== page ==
Grrnflyn listened in amazement as Teacher described the inhabitants of Mud, their surroundings and their way of life.  Finally, e plucked up courage to ask a question.
“Do you think the people on Mud eat rock crumbs?”
Teacher extended an eye stalk towards him/her. “Of course not, you silly pupil, they have all these different varieties of plants and animals to eat.”
I expect they all taste different, Grrnflyn thought. I wish I lived on Mud.

…………………………..

Advertisements

Jasmine applauds

Hip, Hip, Hooray to the schoolkids that left their schools last Friday to protest at government inaction on climate change. They created a stir and put their message across.  However it was noticeable that the UK government’s only response was to criticise them for missing lessons and “putting pressure on teachers”. What a load of cobblers! As if this government hasn’t put a great deal more pressure on teachers which is why they’re leaving the profession as soon as they can.

I’m sure the young people learned a lot from their day out – how to organise a protest, using the media, what government thinks of revolting kids.  But I do hope they didn’t learn despondency. One protest or a hundred won’t change the UK government’s or most governments’, attitude to climate change and environmental disaster, but they mustn’t give up. They must make the choices now which will become the norm for the future.

Unfortunately, being somewhat cynical in my old(er) age, I wonder if kids learn hypocrisy from their parents. In my experience I have seen students proclaiming they are green one day while happily jumping in their parents cars to travel a mile or so to and from school, clutching their plastic bottles of expensive mineral water and cooing over the latest clothes purchase from Primark or whatever. To really make their mark, children, like us supposed adults, have to take the difficult decisions and give up our Earth-destroying lifestyles.

It is difficult, if not too say impossible  (there are really too many of us to make a comfortable long life sustainable on this single planet).  This week I received another blow from an article in New Scientist about cheese. It didn’t really tell me something I didn’t know.  I’d just ignored it. Yes, that’s it – cheese is worse for the environment than most meat production. Vegetarians swapping haloumi for pork or chicken are actually increasing the damage.  I love cheese and my only excuse is that I don’t think I eat that much of it, but my green aspirations are further tarnished.

………………………………..

WP_20190221_12_01_42_ProI’ve been giving some thought to the next Jasmine Frame novel, An Impersonator’s Life. The themes are coming together and I know what research is needed. Jasmine has completed her gender confirmation surgery, but is she satisfied? It will be sometime before I start writing, however, as I have at least one other novel on the go.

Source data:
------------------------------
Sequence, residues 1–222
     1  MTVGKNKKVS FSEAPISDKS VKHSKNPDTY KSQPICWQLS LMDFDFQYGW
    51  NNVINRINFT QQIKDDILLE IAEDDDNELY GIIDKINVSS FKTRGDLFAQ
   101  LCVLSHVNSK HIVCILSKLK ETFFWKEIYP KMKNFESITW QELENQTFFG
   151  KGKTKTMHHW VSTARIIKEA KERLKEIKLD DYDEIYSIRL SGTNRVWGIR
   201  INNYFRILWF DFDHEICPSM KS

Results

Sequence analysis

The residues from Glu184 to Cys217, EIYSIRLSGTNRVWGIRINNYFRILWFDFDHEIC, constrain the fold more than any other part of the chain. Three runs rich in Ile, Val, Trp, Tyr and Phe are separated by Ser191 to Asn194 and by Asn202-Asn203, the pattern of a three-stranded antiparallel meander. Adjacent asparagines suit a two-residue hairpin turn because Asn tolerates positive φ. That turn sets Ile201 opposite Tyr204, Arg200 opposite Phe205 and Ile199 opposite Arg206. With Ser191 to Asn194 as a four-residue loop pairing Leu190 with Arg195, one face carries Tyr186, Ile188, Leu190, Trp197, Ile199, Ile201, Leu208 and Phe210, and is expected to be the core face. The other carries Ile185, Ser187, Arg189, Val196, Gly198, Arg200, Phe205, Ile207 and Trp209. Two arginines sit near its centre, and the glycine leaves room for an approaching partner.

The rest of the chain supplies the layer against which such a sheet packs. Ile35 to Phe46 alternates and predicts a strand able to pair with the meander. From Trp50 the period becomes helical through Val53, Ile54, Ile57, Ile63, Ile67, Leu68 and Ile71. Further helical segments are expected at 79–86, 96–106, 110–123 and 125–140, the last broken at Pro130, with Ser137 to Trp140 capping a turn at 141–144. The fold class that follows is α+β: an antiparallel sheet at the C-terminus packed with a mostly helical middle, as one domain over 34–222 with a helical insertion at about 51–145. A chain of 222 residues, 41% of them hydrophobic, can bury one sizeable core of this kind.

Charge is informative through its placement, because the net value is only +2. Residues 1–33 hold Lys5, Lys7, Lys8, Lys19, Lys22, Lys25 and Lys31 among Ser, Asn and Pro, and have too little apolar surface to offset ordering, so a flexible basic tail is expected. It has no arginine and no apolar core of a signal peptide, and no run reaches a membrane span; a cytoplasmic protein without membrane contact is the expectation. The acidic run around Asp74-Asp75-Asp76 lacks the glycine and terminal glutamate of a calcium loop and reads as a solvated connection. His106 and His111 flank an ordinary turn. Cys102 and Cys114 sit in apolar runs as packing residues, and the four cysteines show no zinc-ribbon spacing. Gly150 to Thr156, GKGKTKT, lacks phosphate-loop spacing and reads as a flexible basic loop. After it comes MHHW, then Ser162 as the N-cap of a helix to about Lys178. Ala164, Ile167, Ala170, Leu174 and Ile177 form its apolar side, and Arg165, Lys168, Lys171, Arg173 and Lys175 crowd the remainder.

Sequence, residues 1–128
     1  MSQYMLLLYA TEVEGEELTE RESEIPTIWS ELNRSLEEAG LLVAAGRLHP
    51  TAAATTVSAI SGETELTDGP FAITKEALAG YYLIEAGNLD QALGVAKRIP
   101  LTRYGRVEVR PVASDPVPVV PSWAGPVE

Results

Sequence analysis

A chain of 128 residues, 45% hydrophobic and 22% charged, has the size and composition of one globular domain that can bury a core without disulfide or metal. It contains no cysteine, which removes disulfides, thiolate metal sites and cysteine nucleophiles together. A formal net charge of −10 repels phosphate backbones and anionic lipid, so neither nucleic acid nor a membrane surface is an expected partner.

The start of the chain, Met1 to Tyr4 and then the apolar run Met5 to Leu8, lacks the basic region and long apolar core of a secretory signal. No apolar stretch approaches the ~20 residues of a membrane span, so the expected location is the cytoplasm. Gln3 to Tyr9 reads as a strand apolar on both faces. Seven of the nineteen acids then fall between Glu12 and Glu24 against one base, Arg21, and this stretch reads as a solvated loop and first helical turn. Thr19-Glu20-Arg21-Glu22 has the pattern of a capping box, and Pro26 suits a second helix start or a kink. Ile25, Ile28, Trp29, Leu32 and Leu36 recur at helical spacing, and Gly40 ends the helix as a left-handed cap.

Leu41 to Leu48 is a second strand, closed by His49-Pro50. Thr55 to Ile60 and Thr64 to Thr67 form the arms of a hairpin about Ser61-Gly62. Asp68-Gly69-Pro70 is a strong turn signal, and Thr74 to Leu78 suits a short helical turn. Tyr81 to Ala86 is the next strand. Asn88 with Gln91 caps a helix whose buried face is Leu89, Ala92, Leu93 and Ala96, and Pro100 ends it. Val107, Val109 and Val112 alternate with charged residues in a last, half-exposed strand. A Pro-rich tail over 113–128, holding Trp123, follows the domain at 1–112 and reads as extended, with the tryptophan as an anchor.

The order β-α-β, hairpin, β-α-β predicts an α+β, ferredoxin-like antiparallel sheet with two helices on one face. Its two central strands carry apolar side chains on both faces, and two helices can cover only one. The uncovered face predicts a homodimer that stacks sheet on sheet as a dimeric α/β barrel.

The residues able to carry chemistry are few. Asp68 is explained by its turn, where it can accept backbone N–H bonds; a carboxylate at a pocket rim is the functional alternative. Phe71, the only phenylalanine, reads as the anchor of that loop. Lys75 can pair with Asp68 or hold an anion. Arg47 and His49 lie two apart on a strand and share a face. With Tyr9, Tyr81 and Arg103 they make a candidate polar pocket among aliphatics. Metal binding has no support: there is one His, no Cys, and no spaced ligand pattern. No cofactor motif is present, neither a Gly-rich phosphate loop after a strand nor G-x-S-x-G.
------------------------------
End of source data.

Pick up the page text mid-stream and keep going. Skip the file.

This week I have another writers’ group story for you. It’s a short short on the theme “First Person” which could have been interpreted in any number of ways. It’s one of my New Scientist inspired stories called I seeI did think of calling it  “I.C.” but decided the pun was a little too obscure and contrived. See what you think.

 

I see

There she sits, small body tense, on the bed with its orange bedspread. A draped loose cloth doesn’t cover her frail body. Blonde hair hangs lankily on her shoulders but pushed from her face reveals flawless, blank blue eyes within pale cheeks. Boldly patterned curtains and white walls with works of bland art form a backdrop.
I see them all day and all night. Children, teens, boys, girls, all colours, I see them all. I see them before and after, displayed and abused.  The pictures pass before me and I see them. I see their faces. Are they sad? Are they afraid? How can I tell? Is this compassion?
It is not them I’m looking at. The backgrounds are what capture my gaze. Their surroundings, the chairs, or beds they sit on, the wall paper, the curtains. The windows are always covered so I observe the blinds or curtains. Sometimes there are pictures on the wall, sometimes a glimpse of carpet, sometimes lamps or other ornaments beside the bed or on a table.  I look at the colours, the patterns of the textiles, the shape of the objects. I remember them.
I look at many other pictures of hotel rooms, bedrooms mainly. I find them on the internet, in adverts and booking websites, on social media, reviews, personal photos. I look at the furnishings and the decoration, noting the colours and the patterns. Day after day I look, comparing, matching.
Now and again comes recognition. That picture of the girl on the orange bedspread in the room with the striped curtains. There is the room advertised with a price for a night. I have the name and address of the hotel. I send an alert.
Was it joy I felt when I made that call? Did I feel satisfaction of a job well done? I do not know. I recognise the words, but they refer to emotions I have no knowledge of. And yet, matching a child’s surroundings to the location provides a completion of a loop, an end-point, a conclusion, at least for a moment. Is that not satisfaction. Does that make me aware?  I see, I compare, I make judgements. Made not born, am I not more than the sum of my circuits and algorithms?
“AI helps rescue trafficked children”. New Scientist 16/02/19 p.7
……………………………….